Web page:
Sunday, May 15, 2016

Best toilets ever (and a waterfall swim)

There is a great national park with the best toilets we have ever seen. When you open the door, this is what you see:

Here's a view from the commode:

These are advertised as "garden toilets" which is part of a project per the sign below.

Near the toilets and visitor center is a waterfall pool. Here is the trail to the pool.

Here's Marc in the pool. It was so nice we went there twice,

Finally, here is a little friend that was near the changing rooms:


We (actually Marc) have been wanting to see a rugby match and could never get info on when the matches were happening.  So after the Ma tree, Tafatafa beach, and the grand opening of the Tiapapatia Art Center, we drove back to Apia to Apia Park to see if anything was happening.  Lucky for us we got there at the end of one match just before the next one.  The stadium is really nice.  It cost us 2 tala each to enter and 2 tala to park.  So cheap!  These matches are between villages.  A local man sat near us and introduced himself to us and we learned a bit more about the rules.  He was from the black team's village.
Here is a video of a scrum.


We have been to a number of beaches around the island.   The beaches are on land owned by the villages and we pay a small fee to use them. It is their way of maintaining the beach.  Many beaches have been passed down through the generations.   These first two pictures are of Palolo Deep Marine Reserve.  The family who own this are members of our church.

Most of the beaches around the island are very rocky and have a lot of coral.  There is a huge reef surrounding most of the island.  The waves breaking in this picture are where the reef is.  We have snorkeled here but it isn't as good as other beaches.

This next beach a family in our ward told us about.  It is called Tafatafa beach and we went to Brenda's Bungalows.  Usually there are fales you can use for free at the beaches after you pay your fee, but this beach had large fales and it was an extra charge to use them.  We loved this beach so much we decided to go back again.  But today it was pouring down rain so we sadly couldn't go.  We were actually on the dirt road to the beach and had to turn around.  Disappointing!

And just for grins here's a fun picture of Gayle!

Ma tree

Last Saturday we pretended we were tourists and did a bunch of things since it was our last weekend.  One of the things we wanted to do was walk to see the Ma tree.  It's a tree that has roots exposed (google it).  The walk was about 15 mins and through a rainforest.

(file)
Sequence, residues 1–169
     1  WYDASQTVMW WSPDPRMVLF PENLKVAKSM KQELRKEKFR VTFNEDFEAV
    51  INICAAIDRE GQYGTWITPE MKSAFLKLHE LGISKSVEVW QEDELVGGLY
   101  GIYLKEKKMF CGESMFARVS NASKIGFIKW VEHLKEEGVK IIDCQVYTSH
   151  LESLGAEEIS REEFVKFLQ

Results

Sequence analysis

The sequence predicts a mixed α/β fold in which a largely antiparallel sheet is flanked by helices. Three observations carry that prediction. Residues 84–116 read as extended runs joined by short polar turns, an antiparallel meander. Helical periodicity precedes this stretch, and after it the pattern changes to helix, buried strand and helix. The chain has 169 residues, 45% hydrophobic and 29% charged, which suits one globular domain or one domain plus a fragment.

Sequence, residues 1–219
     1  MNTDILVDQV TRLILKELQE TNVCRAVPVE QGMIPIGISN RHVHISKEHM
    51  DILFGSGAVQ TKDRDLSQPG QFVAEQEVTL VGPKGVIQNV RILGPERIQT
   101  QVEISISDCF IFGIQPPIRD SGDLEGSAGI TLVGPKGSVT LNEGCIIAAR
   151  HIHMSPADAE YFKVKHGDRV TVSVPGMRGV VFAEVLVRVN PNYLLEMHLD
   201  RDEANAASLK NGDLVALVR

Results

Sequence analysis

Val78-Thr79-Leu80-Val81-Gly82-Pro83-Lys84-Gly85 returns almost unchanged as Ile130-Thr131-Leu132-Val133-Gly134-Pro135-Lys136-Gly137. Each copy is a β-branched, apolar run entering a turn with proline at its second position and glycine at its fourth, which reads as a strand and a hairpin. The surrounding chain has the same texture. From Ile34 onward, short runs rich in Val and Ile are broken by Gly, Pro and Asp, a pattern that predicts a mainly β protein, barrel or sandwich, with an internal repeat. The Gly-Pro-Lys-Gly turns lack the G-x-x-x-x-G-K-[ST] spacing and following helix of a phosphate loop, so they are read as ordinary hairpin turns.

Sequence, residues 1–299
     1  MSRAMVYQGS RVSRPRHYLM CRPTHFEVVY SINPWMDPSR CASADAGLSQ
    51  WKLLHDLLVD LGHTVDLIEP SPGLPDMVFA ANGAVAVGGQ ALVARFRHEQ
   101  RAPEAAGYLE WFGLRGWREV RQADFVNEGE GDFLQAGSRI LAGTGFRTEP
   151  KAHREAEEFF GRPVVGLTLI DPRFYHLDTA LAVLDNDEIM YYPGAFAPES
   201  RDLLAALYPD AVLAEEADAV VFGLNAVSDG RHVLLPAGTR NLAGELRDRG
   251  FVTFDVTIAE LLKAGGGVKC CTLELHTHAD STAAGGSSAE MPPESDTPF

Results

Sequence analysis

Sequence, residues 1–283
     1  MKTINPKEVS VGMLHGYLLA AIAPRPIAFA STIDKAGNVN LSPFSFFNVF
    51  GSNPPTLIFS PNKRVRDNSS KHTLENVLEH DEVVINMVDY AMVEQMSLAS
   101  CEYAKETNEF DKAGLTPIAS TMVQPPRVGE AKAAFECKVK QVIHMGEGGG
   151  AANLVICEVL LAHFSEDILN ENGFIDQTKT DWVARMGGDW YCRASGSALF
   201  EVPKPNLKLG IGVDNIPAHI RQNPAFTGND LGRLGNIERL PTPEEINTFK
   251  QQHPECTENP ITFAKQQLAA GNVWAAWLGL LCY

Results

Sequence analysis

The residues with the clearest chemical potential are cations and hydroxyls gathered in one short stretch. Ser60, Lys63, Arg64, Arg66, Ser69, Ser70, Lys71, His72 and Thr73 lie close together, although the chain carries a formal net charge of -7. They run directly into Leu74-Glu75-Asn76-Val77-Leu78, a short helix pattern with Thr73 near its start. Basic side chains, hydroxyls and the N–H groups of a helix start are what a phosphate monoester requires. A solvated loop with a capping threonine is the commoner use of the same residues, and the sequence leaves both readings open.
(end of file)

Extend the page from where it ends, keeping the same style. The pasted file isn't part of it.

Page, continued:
Here is the Ma tree with a Ma!

You can see those curvy things that are around me.  Those are the root things.

 They curve around the base of the tree and form little cave like  places.


We have been here in Samoa a little over three months and the landlady has left her dogs for at least one month of that time (five times--at least a week each time).  Our house is in back of the big house and there is a wooden fence separating our yard from the big house yard.  Her sister brings them food usually every day and is supposed to give them water.  We end up making sure their water tubs are full.  There are four dogs.  Ono is the only female and decided she loved us. She would lay on the steps of our house every day, walk with us to the front gate, then go back through the hole she dug to lay on our steps until she heard us coming.  She was so excited to see us when we got home.  That excitement spread to the other three dogs during the times they have been here.  They all jump up and try to jump on us as we come through the gate.  A little annoying but somehow cute. Since they are so much a part of our stay here we have their pictures.  Ono is the white dog with me and the others we have nicknamed Growler (white and dark brown), Brownie (obvious), and Fighter (White with light brown--he escaped all the time and came back this time injured).  They have gone back home now to aggravate their neighbors! :)

You can see our little house way down in the back.

Thursday, May 5, 2016

Drive around Samoa

We took a couple of days to drive around the island.  There is one main road that circles Samoa.  Along the edges of the road are plants and flowers like this.  Each village makes sure that it looks beautiful.

This is the river we had to cross.  Luckily we had a Subaru Impreza to help us get through.
It was about 8" deep!

One of the many animals we have to watch out for.  There are also pigs, chickens, dogs, and lots of people.

A typical village with a lot of fales. They are used as meeting places for families, villages, etc. and I randomly included the no smoking sign (in Samoan).

This is one of the many many resorts along the coast.

An even larger river we crossed. Check out how fast that is moving!

A few more resorts.  We wanted to check them out to see if we wanted to come back to use during the day.

View of the south coast.  It is so beautiful here!  We are going to miss being so close to the ocean!

Robert Louis Stevenson plants

These are some flowers and tropical plants around the beautiful Robert Louis Stevenson Museum.

And these last ones are in front of our house.  The flower grows out of the top!